What we at WHL recommend is that you take it very slow and choose a position that allows you to control the depth of penetration, for instance, woman-on-top or side-by-side so that you experience the minimum discomfort.
Sometimes, this pain can become chronic and this is most often due to problems in the pelvic floor muscles which stretch between the pubic bone and the tailbone.
These muscles get a good drubbing during a natural birth and sometimes they are not able to recover or recover more slowly than in others. What these muscles do is cradle your bladder, bowel, and uterus and these also help you control your urine, bowel movements, and sexual functioning.
What you can do to strengthen your pelvic floor muscles is do Kegel exercises. If these don’t work, go to a physiotherapist who will help you strengthen these muscles and loosen muscles that are too tight to improve sex.
If you are breastfeeding, you will have low levels of estrogen during the postpartum period that can make your vaginal tissue thinner and drier.
This will make sex more painful for you, for sure. You can use a water-soluble lubricant to ease any discomfort. What we suggest is that you steer clear of oil-based lubricants such as petroleum jelly products, especially if you're using condoms, as they can cause breakages.
In case of severe dryness, your doctor may recommend a vaginal estrogen cream to restore moisture levels.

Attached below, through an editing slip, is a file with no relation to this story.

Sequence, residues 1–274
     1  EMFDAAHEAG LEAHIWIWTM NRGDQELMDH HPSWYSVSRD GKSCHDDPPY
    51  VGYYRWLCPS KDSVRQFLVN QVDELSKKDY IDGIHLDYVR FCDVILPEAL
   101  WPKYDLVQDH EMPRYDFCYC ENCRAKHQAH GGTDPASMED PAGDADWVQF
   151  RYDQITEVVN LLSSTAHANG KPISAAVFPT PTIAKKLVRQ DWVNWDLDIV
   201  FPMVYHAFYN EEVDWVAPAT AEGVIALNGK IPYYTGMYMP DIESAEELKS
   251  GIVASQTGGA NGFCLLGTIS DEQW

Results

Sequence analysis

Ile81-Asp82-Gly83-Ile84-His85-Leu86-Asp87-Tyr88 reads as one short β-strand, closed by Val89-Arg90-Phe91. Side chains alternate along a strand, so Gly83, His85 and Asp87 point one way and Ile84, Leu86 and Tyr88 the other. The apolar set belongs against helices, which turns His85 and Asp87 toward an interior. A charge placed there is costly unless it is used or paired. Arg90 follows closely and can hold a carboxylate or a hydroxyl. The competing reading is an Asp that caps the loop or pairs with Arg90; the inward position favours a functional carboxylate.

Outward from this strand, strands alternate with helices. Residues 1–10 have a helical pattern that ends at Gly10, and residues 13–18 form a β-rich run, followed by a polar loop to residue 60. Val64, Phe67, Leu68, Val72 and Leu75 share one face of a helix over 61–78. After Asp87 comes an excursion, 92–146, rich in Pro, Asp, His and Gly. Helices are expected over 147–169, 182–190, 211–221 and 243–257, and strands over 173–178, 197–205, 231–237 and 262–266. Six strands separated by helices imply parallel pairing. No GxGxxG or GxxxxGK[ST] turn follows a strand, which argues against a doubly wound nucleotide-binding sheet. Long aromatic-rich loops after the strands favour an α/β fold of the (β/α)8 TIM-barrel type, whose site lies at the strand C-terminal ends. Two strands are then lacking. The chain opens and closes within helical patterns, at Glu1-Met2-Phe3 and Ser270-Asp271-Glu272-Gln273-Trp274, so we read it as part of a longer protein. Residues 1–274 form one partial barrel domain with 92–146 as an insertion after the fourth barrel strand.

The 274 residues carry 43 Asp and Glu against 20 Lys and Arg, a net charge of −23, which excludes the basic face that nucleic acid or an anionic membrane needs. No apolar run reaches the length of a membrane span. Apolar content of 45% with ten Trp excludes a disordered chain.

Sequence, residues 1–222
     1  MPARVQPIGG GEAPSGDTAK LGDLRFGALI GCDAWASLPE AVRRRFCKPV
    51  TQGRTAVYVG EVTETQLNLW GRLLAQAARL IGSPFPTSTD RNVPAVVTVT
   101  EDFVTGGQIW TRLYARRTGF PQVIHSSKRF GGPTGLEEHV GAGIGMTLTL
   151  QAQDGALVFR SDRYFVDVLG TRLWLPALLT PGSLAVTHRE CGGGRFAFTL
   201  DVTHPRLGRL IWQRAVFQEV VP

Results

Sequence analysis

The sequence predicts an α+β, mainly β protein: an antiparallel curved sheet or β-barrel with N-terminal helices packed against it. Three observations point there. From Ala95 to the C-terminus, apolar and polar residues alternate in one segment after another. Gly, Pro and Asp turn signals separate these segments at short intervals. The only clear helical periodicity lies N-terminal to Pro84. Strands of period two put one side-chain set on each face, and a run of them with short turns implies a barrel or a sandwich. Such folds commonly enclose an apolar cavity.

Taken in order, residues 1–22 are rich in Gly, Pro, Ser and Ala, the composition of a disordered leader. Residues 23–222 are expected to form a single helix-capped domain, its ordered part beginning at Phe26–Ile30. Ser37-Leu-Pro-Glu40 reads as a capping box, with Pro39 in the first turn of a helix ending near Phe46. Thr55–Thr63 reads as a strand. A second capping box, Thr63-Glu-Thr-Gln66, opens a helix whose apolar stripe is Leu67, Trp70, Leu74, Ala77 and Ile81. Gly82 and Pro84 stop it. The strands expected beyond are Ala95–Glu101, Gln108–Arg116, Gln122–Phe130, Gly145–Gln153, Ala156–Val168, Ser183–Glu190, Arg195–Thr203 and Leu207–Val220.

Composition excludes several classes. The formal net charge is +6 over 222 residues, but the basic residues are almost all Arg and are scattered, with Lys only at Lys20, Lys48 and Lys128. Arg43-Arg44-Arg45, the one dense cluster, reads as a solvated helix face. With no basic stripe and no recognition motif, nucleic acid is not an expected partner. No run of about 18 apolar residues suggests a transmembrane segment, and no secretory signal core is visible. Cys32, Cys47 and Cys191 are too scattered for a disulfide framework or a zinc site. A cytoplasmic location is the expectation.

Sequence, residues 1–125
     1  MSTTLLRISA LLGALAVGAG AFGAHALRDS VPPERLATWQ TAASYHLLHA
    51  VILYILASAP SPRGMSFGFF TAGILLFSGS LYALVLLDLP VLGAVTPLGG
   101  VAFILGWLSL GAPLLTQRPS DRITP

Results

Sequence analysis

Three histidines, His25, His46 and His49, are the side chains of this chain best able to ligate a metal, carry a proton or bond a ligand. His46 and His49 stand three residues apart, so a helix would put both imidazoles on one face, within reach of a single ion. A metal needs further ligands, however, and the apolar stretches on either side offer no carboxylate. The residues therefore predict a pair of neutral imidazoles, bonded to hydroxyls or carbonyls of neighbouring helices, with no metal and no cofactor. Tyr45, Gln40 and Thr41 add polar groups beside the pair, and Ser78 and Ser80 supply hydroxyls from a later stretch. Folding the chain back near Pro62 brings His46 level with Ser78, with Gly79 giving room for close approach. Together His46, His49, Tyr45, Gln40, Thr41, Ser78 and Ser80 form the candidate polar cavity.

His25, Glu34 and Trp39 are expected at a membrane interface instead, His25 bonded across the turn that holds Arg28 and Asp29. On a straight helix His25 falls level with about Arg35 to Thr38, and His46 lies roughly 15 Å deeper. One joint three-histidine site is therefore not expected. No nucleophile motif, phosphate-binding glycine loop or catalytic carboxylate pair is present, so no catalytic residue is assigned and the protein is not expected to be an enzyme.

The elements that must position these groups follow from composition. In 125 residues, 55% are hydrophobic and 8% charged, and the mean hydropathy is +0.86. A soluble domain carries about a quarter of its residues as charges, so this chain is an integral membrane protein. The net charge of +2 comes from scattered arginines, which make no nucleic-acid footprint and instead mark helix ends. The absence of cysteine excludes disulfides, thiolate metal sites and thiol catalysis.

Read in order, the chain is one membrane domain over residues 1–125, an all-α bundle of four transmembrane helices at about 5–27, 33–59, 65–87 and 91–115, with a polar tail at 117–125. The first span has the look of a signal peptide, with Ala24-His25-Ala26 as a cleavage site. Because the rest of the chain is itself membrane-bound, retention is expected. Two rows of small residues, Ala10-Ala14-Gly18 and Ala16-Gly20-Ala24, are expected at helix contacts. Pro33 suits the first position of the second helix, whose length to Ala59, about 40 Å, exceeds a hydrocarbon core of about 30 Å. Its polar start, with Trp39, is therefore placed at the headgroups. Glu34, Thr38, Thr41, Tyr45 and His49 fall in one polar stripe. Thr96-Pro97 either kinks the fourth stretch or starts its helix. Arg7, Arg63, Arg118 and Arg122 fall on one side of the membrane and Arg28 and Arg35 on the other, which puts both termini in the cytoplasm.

And that’s not all, you may also squirt milk from your breasts while having sex. What you can do about this is wear a bra with nursing pads or keep wiping with a towel or allow your partner to come up with a more innovative solution.
Like most women, you may also not want to have sex after childbirth due to low libido, but rest assured, this lack of interest in sex won't last forever.
Breastfeeding can also interfere with your sex drive due to lower levels of estrogen circulating in your bloodstream. This causes vaginal dryness and a lack of interest in general.
Of course, every woman is different, and many nursing mothers say that breastfeeding increases their libido instead of suppressing it. Some even feel more sexual.
If you're not among these lucky few, though, remind yourself - and your man - that it's normal for a nursing mother's sex drive to take a detour into the slow lane before recovering.
No, it most probably will not be. Why? Because after giving birth vaginally, it's normal for your vagina to be larger than it was before, and this is more pronounced after the birth of a large baby. You will thus miss the friction during sex.
Why the vagina becomes large and flaccid is because the pelvic floor muscles relax and Kegels are the only answer to fixing this problem.
You could try outercourse if you don’t want to go the whole hog. BTW, oral sex is safe a few days after delivery. If you have stitches from an episiotomy or a vaginal tear repair, make sure that your partner avoids contact with them.
In general, stay close to the clitoris and away from the vagina and the perineum and everything should be fine.